“And you’re a very unique man.”

If you only knew.

He looked at her steadily, not wanting to complicate things with more words. The less lies between them, the better, as they’d all come out in the wash sooner or later.

Her whole face shone with the unspoken connection between them that took his breath away. She tugged at his shirt buttons with a hungry look in her eyes. Lizzie Hathaway wanted him as badly as he wanted her and wasn’t afraid to show it.

Which made him hard as a gun barrel.

Oh, Lizzie.

He trailed kisses down her pulsing neck, over her breasts and belly. Shucked off that blue satin and dove into the hot warmth waiting below, licking and cajoling her into a place where it didn’t matter who they were or where they came from.

Her breathing quickened and he instinctively filled his mouth with a rosy nipple. As he suckled, burying his face in rose-scented warmth, she lost it—gushing low groans that unraveled him too. Lizzie genuinely drove him crazy with her lush, mobile body and her inhibitions all undone.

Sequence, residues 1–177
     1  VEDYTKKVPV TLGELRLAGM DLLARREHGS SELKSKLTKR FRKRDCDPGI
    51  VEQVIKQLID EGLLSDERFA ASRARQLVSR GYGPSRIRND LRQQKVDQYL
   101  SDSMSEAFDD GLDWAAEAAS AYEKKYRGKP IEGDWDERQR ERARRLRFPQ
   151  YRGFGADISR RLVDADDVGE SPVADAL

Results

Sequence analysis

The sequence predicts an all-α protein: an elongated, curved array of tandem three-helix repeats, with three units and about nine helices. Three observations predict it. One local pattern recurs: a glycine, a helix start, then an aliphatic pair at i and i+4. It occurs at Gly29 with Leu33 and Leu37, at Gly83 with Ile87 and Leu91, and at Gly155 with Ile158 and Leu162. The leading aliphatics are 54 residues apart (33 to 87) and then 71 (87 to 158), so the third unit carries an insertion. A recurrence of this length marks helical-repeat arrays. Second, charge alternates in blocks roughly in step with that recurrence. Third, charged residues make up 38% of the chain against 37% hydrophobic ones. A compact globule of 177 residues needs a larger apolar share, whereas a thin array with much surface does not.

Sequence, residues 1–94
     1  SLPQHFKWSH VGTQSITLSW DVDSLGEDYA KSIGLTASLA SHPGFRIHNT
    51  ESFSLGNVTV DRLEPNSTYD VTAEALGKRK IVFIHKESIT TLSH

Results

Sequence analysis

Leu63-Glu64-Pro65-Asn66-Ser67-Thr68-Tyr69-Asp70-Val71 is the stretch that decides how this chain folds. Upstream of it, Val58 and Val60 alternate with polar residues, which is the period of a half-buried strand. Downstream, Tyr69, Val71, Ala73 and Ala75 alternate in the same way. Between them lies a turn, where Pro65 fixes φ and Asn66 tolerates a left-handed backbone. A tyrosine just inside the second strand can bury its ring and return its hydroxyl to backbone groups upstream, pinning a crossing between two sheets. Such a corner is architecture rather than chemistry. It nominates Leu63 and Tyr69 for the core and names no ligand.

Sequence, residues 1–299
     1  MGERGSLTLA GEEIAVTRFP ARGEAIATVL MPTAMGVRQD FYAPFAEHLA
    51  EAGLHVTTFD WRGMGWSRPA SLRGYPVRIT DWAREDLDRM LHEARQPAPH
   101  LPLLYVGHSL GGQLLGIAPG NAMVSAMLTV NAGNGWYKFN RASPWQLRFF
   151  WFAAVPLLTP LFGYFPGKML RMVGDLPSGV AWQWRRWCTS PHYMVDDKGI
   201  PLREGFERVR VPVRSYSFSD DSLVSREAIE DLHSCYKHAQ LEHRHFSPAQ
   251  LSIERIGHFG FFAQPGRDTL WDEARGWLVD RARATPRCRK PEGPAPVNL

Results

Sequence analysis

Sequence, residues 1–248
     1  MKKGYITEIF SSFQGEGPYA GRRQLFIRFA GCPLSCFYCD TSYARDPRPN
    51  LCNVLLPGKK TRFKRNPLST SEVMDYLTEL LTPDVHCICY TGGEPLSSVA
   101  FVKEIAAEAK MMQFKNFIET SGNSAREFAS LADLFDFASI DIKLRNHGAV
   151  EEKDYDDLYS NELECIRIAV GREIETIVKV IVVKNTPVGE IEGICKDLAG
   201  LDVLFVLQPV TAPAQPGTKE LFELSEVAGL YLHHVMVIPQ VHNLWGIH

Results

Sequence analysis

When the blood returned to his brain he slid off her. Slowly, reluctant to give up the delicious closeness that was the best part of sex. He cuddled up to her, settling his head on one soft arm, his cheek against her breast. Bliss.

She stroked his cheek affectionately and a sensation of perfect contentment softened his limbs. He’d take his moments of perfection where he could get ’em. So he’d let her get the impression that he was a big shot—was that a crime? Once they were married…

Yes. Married.

A hot, tight feeling in his chest told him his plan was right, even though some people might say it was wrong. His life had been a long strange trip, and he craved a permanent berth in Lizzie Hathaway’s calm harbor.

He wasn’t marrying her for the money, but the money would make it work. Keep her living in the style she was used to. It was her money, so her parents couldn’t cut her off.

And once they were married he’d make her the happiest woman on earth for the rest of her life.

Ronkonkoma. Yaphank. Hampton Bays. Lizzie’s blood pressure ratcheted with each green highway sign she passed. She’d left early to avoid the Friday night Hamptons-bound traffic, but now she wished she’d stretched the journey out as long as she could. She knew tonight wasn’t going to be easy. Nothing in her life was ever easy.